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Suarez’s tears in the desert of high drama

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Christmas has come early in the unseasonal surroundings of the Qatar desert drenched with Luiz Suarez’s tears in a tournament that keeps on giving.

The World Cup has been a fantastic diversion from the bleak homefront sprinkled with the false promises of politicians who want to become President and feuding bishops seeking the church throne.

That the two simultaneous election campaigns have converged upon us during a cost-of-living crisis has only compounded our pain.

This male-dominated procession for power, political or spiritual, lacks imagination, vision and the honesty of any meaningful contest.

There is no fighting spirit or dogged determination to strive for the impossible against the odds that has enthralled a global audience in Qatar.

Cyprus can only dream of reaching such heights as it seems more content with producing bickering priests and back-stabbing politicians.

Creating a team ethos that will topple giants seems beyond our imagination. So instead, we’d rather let hubris and entitlement shut the door to progress.

Qatar has been a perfect remedy for the staleness of our political discourse and blindness to inclusion and diversity.

While the sparks were flying at the Mundial, the only glimmer of entertainment at home was the President looking to sacrifice his reputation by demanding an investigation into allegations he was a shady operator.

He knows full well nobody has the gumption or the appetite to start searching for dead bodies when the stink of corruption has long stained this administration.

And if somebody finds a smoking gun, what will they do? Make him resign while walking out the Palace door for another lucrative job.

Everyone plays the game of throwing mud and seeing if it sticks, but they won’t throw it too hard because they live in the same creaky house.

So while it’s been groundhog day at home, the football roadshow in the Middle East has been nothing short of exhilarating with a conveyor belt of heartstopping moments.

It can not be scripted like a political debate; there is raw emotion in Qatar that has no equal on the sporting stage.

For those betting on a sure thing – it has also been a gambler’s graveyard.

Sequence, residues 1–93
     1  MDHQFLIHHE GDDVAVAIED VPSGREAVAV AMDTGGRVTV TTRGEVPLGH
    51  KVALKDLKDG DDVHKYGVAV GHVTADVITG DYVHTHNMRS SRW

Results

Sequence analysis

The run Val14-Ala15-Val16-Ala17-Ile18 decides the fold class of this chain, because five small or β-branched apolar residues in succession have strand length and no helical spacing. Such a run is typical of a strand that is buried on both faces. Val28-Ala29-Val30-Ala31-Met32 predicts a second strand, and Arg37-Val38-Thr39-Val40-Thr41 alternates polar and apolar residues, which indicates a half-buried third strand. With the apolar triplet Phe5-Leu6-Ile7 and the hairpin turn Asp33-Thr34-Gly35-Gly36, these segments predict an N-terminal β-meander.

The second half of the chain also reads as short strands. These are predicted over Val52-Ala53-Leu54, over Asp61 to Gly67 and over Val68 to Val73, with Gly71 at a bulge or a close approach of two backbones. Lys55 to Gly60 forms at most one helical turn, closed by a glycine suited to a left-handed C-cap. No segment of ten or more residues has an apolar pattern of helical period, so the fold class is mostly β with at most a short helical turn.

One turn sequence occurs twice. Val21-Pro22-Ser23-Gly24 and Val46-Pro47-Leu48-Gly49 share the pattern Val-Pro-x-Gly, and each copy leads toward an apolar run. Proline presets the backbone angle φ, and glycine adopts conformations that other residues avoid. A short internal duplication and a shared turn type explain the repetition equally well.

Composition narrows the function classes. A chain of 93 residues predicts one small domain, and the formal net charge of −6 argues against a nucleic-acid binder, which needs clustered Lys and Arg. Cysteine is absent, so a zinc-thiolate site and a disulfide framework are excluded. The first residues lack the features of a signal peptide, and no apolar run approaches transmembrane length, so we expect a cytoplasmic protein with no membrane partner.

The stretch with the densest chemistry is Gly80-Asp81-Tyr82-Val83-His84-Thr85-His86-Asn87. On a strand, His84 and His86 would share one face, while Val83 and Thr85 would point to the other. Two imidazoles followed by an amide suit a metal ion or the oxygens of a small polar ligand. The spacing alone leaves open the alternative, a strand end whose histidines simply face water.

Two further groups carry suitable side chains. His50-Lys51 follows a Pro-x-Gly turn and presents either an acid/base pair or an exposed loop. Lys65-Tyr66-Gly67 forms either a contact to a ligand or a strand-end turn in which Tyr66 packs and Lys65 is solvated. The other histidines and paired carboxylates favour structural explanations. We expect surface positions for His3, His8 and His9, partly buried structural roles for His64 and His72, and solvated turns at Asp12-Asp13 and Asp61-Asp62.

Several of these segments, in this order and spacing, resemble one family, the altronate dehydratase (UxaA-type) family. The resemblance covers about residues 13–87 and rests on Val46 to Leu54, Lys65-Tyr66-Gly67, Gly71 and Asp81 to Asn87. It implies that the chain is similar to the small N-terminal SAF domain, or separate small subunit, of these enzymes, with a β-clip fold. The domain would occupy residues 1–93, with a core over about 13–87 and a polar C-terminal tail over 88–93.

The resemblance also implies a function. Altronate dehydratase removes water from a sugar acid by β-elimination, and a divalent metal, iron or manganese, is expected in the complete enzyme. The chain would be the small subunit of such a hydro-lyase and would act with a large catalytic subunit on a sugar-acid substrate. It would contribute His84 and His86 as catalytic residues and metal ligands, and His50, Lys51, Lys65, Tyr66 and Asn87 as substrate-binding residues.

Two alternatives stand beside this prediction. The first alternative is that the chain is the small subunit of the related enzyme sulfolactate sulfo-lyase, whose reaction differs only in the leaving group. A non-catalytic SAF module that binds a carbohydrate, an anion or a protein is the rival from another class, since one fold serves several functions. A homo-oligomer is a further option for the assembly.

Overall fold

Powerhouses Germany – four-time winners, and Belgium – FIFA ranked world number 2 – are flying home before the knockout stage.

Scenes of bedlam greeted Japan’s unexpected victory over fancied Spain, Australia’s dumping of Denmark, South Korea’s coming back from the dead against Portugal and Morocco’s madness.

Any of these scenarios would make a tournament memorable for the ages, but this happened all in the same week – it was breathless drama.

We even had the grudge match of Ghana v Uruguay, where the bad feeling ran deep since Suarez handled on the line to deny the Black Stars from progressing in 2010.

Ghana went into the game hoping to avenge the defeat from 2010 when Suarez wildly celebrated Asamoah Gyan’s miss from the resulting penalty.

It lost the penalty shootout that followed but was offered redemption 12 years on.

Again Ghana’s penalty was unsuccessful before Uruguay took a two-goal lead.

There was a twist in the tail as Ghana ensured that their nemesis also failed to qualify by not scoring enough goals.

Many tipped Uruguay to go far in the competition, but it was the last hoorah for Cavani, Suarez, and a few others.

Unbridled soul searching has also started in Germany after they exited the group for a second time due to a poor goal difference and a shocker against Japan.

Belgium’s ‘golden generation’ of Eden Hazard, Kevin De Bruyne and Lukaku fell short again, looking tired and clueless, only scoring one goal against a superior Canadian side.

Maybe De Bruyne suggesting the team was too old to win anything, lacked the required motivation.

Amid all the mayhem and chaos, Poland seemed to have sneaked through to the second round by being unspectacular and neglecting their star asset, striker Robert Lewandowski.

Mexico was edged out on goal difference after a late consolation goal by Suadi Arabia – it could have gone down to yellow cards.

If there is any justice, Poland will get thumped by the French unless their outstanding keeper Wojciech Szczęsny works more miracles.

There’s some cracking knockout football to relish, with Argentina playing Australia, Netherlands v USA, and England must navigate Senegal.

And don’t miss it for a political gathering – you’ve been warned.